Alkaline-surfactant-polymer flood application for enhanced oil recovery has potential for significant recovery of remaining reserves in the mature Lawrence Field, Illinois

John P. Grube, Curt S. Blakley, James R. Damico, Philip M. Johanek, Vineeth Madhavan, Roland T. Okwen, Beverly J. Seyler, Nathan D. Webb

Research output: Chapter in Book/Report/Conference proceedingConference contribution


Within the Illinois Basin, most of the oilfields are mature and have been extensively water-flooded with water cuts that range up to 99% in many of the larger fields. In order to maximize production of significant remaining mobile oil from these fields, new recovery techniques need to be researched and applied. The Illinois State Geological Survey has been working with the Department of Energy to conduct research on multiple types of Enhanced Oil Recovery (EOR) projects. A project using alkaline-surfactant-polymer (ASP) has been established in the century old Lawrence Field in southeastern Illinois where original oil in place (OOIP) is estimated at over a billion barrels and 400 million barrels have been recovered leaving more than 600 million barrels as an EOR target. Radial coreflood analysis using core from the field demonstrated recoveries greater than 20% of OOIP. While the lab results are likely optimistic to actual field performance, the ASP tests indicate that substantial reserves could be recovered even if the field results are 5 to 10% of OOIP. Reservoir characterization is a key factor in the success of any EOR application. Reservoirs within the Illinois Basin are frequently characterized as being highly compartmentalized resulting in multiple flow unit configurations. The research being conducted on Lawrence Field focuses on characteristics that defined reservoir compartmentalization in order to delineate preferred target areas so that the chemical flood can be designed and implemented for the greatest recovery potential. Along with traditional facies mapping, core analyses and petrographic analyses, conceptual geological models were constructed and used to develop 3D geocellular models, a valuable tool for visualizing reservoir architecture and also a prerequisite for reservoir simulation modeling. An overview of this body of research will be presented. Chemical flooding is being initiated in stages with the first flood initiated in 2010 and a second offset initiated during 2011. The data results from these floods will be presented as it becomes available.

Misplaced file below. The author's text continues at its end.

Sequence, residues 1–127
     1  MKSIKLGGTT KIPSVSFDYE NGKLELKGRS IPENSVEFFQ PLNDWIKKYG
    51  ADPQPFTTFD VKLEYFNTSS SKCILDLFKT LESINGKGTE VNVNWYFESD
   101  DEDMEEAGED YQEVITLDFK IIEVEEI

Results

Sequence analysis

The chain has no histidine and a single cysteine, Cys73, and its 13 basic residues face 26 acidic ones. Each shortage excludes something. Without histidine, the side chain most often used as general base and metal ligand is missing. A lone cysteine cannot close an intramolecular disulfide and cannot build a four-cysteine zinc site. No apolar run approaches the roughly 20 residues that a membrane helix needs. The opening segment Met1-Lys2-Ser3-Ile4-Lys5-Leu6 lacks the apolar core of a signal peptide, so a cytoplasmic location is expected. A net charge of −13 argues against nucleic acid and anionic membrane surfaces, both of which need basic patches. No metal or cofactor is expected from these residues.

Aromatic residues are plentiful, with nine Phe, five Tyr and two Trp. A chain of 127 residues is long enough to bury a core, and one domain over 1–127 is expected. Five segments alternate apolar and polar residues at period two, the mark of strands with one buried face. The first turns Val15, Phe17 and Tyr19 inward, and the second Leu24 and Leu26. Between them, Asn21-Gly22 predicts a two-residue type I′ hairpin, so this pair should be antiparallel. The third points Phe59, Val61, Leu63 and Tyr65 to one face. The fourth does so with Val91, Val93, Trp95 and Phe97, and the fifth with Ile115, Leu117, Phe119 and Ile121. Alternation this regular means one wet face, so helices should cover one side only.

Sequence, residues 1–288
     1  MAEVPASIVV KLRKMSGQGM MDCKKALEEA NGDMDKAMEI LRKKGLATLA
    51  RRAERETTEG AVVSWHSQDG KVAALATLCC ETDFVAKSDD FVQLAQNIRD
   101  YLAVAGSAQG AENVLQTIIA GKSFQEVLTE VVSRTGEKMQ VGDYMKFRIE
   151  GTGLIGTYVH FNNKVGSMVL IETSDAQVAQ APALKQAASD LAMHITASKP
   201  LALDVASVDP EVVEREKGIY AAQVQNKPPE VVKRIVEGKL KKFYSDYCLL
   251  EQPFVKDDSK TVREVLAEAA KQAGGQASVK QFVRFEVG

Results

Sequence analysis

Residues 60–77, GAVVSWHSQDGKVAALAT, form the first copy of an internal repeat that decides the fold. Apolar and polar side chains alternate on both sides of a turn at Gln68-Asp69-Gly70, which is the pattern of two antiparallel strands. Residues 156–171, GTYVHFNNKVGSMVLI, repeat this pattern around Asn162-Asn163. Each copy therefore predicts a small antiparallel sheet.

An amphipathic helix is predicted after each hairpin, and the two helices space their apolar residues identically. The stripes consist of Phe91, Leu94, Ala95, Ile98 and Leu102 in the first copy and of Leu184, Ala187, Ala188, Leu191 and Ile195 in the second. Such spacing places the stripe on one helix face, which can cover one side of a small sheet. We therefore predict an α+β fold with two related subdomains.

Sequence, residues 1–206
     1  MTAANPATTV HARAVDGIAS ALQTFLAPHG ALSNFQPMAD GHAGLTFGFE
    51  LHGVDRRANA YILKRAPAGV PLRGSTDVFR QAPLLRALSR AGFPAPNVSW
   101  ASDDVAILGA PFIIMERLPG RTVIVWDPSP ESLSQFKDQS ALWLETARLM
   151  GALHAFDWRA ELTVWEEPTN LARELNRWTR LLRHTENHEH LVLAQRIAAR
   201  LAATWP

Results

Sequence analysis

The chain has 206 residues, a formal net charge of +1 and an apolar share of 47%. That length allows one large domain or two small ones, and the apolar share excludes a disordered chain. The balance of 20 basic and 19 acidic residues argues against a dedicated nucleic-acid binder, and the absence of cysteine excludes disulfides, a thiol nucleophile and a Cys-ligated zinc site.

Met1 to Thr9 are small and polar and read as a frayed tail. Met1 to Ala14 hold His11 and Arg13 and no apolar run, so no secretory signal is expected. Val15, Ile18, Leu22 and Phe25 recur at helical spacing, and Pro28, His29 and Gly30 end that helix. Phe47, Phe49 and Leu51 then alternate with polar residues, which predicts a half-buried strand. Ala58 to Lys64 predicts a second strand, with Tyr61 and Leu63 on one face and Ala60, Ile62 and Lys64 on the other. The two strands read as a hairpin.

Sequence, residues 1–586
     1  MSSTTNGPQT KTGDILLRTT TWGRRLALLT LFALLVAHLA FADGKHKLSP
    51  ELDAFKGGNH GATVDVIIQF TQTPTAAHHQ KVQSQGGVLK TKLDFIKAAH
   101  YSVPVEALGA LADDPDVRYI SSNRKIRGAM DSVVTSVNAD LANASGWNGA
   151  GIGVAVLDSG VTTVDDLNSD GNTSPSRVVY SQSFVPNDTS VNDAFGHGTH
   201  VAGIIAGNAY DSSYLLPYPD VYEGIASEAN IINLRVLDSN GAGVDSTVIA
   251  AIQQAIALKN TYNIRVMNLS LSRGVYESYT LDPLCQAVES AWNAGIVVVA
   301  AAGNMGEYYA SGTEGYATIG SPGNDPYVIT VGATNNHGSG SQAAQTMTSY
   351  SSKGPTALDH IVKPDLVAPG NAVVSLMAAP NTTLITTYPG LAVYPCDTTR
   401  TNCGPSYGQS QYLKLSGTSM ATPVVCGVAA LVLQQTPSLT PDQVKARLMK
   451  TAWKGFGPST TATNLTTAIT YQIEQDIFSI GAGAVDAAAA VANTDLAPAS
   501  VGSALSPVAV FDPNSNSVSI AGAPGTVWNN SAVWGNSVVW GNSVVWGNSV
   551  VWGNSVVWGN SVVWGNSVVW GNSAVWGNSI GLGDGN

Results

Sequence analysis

Original languageEnglish (US)
Title of host publicationAbstracts: Annual Meeting - American Association of Petroleum Geologists
Place of PublicationTulsa, OK
PublisherAmerican Association of Petroleum Geologists
StatePublished - 2012


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